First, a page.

Diabetes mellitus is a chronic disease associated with significant morbidity and mortality owing to its multiple micro and macrovascular complications [1, 2]. Diabetes mellitus has reached epidemic proportions with the greatest impact in low income countries where it remains underdiagnosed, under investigated, and undertreated [3,4,5]. The epidemic rise in diabetes mellitus poses significant public health and socioeconomic challenges through diabetic complications affecting different organs with various impact. The eye is the most commonly affected organ in both type 1 and type 2 diabetes. [6]. Diabetic retinopathy is the most serious and commonest ocular complication associated with T2DM and one of the leading causes of secondary blindness worldwide [3]. Its prevalence has been reported to range from 15.3% to 42.4% in different studies [1]. Diabetic retinopathy is a disease characterized by microvascular alterations progressively leading to retinal ischemia, retinal hyper-permeability, retinal neovascularization, and macular edema. If left untreated patients with diabetic retinopathy can suffer severe visual loss [7]. In developed countries, diabetic retinopathy constitutes the leading cause of blindness in the working age population [8]. Different risk and progression factors for diabetic retinopathy have been documented and classified as modifiable risk factors (blood glucose, blood pressure, serum lipids, and smoking) and non-modifiable risk factors (duration, age, genetic predisposition, and ethnicity) [9]. However, recent literature has clearly demonstrated an incremented risk of diabetic retinopathy with regard to insulin treatment [1, 10,11,12]. Nevertheless, the mechanism underlying this paradoxical association is not well understood. Here we revisit evidence on the association between diabetic retinopathy and insulin use, and we propose a novel hypothesis to support this relationship.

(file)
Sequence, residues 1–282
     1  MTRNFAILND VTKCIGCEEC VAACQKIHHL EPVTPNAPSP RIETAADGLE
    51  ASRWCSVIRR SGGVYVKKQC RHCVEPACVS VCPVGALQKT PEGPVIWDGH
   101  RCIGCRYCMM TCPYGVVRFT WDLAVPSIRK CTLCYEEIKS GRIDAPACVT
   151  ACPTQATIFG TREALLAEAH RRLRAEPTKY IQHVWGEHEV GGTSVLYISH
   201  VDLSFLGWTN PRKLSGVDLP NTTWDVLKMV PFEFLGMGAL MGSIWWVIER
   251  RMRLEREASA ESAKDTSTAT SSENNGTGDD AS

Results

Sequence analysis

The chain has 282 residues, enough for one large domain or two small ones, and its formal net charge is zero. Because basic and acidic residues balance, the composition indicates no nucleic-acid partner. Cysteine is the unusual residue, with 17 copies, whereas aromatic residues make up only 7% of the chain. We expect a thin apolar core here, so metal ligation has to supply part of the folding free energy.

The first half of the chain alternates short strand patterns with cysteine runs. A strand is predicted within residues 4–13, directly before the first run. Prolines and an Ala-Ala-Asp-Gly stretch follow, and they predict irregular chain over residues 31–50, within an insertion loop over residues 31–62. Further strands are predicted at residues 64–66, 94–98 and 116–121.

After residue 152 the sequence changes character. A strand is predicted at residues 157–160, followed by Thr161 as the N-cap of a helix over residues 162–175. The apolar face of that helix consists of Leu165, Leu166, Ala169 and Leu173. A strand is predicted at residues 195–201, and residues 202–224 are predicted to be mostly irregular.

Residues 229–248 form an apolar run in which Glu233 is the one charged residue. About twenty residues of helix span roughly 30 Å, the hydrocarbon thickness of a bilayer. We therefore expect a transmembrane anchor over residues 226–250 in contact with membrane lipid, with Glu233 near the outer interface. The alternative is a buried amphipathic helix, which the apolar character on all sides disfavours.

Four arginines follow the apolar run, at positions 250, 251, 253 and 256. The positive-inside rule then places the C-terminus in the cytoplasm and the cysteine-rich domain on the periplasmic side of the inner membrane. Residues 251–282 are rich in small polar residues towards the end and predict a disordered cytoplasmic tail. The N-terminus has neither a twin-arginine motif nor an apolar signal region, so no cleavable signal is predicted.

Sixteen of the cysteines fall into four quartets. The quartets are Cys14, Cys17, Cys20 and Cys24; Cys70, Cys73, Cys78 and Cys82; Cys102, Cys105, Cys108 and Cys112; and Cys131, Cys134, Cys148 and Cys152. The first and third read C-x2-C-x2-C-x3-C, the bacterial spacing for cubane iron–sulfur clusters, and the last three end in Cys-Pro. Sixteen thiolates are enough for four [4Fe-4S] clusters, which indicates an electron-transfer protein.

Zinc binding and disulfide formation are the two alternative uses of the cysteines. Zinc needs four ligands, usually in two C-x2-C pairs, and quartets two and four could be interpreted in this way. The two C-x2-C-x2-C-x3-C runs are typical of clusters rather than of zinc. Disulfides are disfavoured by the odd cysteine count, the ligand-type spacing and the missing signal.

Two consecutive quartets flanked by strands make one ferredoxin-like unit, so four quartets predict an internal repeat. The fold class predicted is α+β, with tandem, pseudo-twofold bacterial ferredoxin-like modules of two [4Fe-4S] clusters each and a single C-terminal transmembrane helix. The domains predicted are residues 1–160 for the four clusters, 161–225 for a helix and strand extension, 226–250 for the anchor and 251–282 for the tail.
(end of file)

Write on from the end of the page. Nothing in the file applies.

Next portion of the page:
Insulin use and early worsening of diabetes retinopathy: Paradoxical report with growing evidence

It is established that diabetic retinopathy and related complications are strongly associated with the presence of chronic hyperglycemia, and results of almost all randomized trials are consistent with the fact that early and intensive glycemic control reduce both the onset and the progression of this condition [13,14,15,16,17,18,19,20]. This tight glucose control is better achieved with insulin therapy compared to oral antidiabetic agents as reported by major trials [19,20,21]. These findings along with the benefits of insulin on other vascular complications support the importance of tight glycemic control with insulin early in the course of diabetes [22]. However, tight glycemic control with insulin is associated with recurrent hypoglycemic episodes, and the risk of early worsening of diabetic retinopathy. This later has been reported in the Diabetes Control and Complications Trial (DCCT) where this occurred in 13.1% of the intensive group (using intensive insulin therapy) versus 7.6% of the conventional treatment group (using conventional insulin regime). However, this effect was reversed by 18 months, and no case of early worsening resulted in serious visual loss [19]. Similar finding were later reported by Wang et al. in a meta-analysis who found that the risk of diabetic retinopathy progression tends to increase after 6 to 12 months of intensive therapy with insulin (odds ratio: 2.11; 95% confidence interval: 0.54 to 8.31) compared to conventional treatment. Yet, this increase in diabetic retinopathy risk was also reversed after 2 years of intensive treatment with insulin. Recently, data on this paradoxical relationship have increased, with reports from others parts of the world [2, 11, 12]. This has been reported in both cross-sectional and longitudinal studies [23,24,25]. Further evidence drawn from more recent systematic review and meta-analysis support previous findings and highlight the early worsening effect of insulin on the progression of diabetic retinopathy [1, 10, 26].

The role of osmotic force theory: Basis and limits